FRELIMO and Resistance to Settler Rule
The colony of Mozambique did not have its present boundaries until 1890. However, the Portuguese were present in the coastal regions of Mozambique for more than 300 years.
Beginning in the early 19th century, the Portuguese began to move into the interior of Mozambique raiding for slaves and ivory. The slave and ivory trade had a devastating impact on peoples and societies of the interior of the country. The Portuguese were forced to end slavery in their African territories in the late 19th century. To promote economic growth in Mozambique, the Portuguese government encouraged their citizens to immigrate to the country to settle. These settlers were given concessions of land—land which was taken away with little or no compensation from the indigenous African peoples. The colonial government instituted policies, similar to those implemented in other colonies in southern Africa, that guaranteed a cheap labor force for the Portuguese settler farmers, who grew cotton and cashew nuts on large farms.
As was the case in neighboring colonies, the African peoples of Mozambique were not even given the status of second-class citizens. They were not allowed to participate in the political system, their land was taken from them, and they were forced to work at very low wages either on commercial farms within Mozambique or in the gold mines of South Africa. Throughout the 20th century, numerous examples of Mozambiquians resisting the Portuguese exist. Just as in other colonies, in the 1950s, a nationalist movement developed in Mozambique that demanded political independence from Portugal. In 1962, the nationalists in Mozambique united to form the Frente da Libertacao de Mocambique (Front for the Liberation of Mozambique) or FRELIMO. Eduardo Mondlane, a US trained scholar, was the first president of FRELIMO. Mondlane and the other FRELIMO leaders were willing to negotiate with the Portuguese, but the colonialists made it clear that they would never give Africans in Mozambique their independence. Consequently, in September 1964, FRELIMO changed its tactics and began a long military struggle for the independence of Mozambique.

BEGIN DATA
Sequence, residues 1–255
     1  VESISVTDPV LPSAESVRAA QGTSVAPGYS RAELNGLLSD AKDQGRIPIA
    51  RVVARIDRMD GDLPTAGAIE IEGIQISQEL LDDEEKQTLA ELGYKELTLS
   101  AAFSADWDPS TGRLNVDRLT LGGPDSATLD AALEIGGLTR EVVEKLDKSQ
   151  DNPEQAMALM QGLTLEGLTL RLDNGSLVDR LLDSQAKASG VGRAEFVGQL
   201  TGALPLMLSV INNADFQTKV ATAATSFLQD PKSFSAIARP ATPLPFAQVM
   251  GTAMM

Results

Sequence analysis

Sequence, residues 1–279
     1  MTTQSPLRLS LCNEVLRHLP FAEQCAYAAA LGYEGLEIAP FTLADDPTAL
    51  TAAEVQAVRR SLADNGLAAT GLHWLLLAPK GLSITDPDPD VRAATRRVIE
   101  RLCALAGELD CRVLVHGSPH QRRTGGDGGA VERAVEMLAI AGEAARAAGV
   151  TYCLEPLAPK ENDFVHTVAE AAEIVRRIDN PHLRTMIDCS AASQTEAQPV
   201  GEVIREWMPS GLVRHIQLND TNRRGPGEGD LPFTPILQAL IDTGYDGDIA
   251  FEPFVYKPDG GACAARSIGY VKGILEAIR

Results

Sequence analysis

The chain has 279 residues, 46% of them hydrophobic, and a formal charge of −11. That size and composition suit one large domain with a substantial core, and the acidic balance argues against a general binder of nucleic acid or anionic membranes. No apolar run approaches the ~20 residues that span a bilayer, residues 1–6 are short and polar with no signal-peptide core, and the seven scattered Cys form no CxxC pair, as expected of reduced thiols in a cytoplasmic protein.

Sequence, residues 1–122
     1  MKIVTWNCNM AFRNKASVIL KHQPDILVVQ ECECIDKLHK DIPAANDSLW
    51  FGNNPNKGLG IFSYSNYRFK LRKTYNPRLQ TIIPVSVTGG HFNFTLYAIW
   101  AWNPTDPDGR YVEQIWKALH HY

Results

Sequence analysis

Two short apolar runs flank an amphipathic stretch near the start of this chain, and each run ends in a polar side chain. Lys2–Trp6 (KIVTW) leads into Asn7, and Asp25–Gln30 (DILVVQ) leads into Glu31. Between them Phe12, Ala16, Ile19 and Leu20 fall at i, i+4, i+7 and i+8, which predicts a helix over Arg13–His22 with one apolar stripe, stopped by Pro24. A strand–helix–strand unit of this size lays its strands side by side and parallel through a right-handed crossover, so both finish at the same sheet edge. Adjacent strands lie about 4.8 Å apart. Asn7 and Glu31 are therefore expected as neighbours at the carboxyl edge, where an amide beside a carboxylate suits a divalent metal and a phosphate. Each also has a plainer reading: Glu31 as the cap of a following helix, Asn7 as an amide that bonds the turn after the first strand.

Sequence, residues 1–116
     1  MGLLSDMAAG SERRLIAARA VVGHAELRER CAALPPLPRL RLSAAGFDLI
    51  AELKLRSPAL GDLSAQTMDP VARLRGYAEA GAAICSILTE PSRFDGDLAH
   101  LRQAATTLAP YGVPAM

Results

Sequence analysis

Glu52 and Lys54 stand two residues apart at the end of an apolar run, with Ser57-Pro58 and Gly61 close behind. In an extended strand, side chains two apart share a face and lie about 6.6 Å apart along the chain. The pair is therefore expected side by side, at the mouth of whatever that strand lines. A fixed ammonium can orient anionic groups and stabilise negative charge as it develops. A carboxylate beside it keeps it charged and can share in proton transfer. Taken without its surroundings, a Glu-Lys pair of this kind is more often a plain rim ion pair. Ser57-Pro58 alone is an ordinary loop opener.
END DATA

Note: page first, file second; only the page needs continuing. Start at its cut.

FRELIMO received support in the form of weapons, ammunition and training from China, the Soviet Union, and other Eastern European countries. The neighboring independent countries of Tanzania and Zambia provided bases from which FRELIMO could launch its strikes against the Portuguese forces in Mozambique. A Cold War mentality kept the U.S. from supporting FRELIMO since the U.S. government felt that it could not support a movement that received strong support from the Eastern Bloc. Moreover, Portugal was considered to be an important military ally of the U.S.
In spite of the superior military force of the Portuguese, FRELIMO was able to win over the support of the vast majority of the people of Mozambique. Rural villages warmly welcomed the FRELIMO fighters offering them food and shelter. In 1974, the Portuguese military realized that it would not be able to militarily defeat FRELIMO and negotiated a peace treaty. One year later in 1975, a victorious FRELIMO led Mozambique to independence.
Unfortunately, Eduardo Mondlane did not live to see this victory. In 1969 he was assassinated by letter bomb sent by the Portuguese secret police. His successor as leader of FRELIMO, Somora Machel, became the first president of independent Mozambique.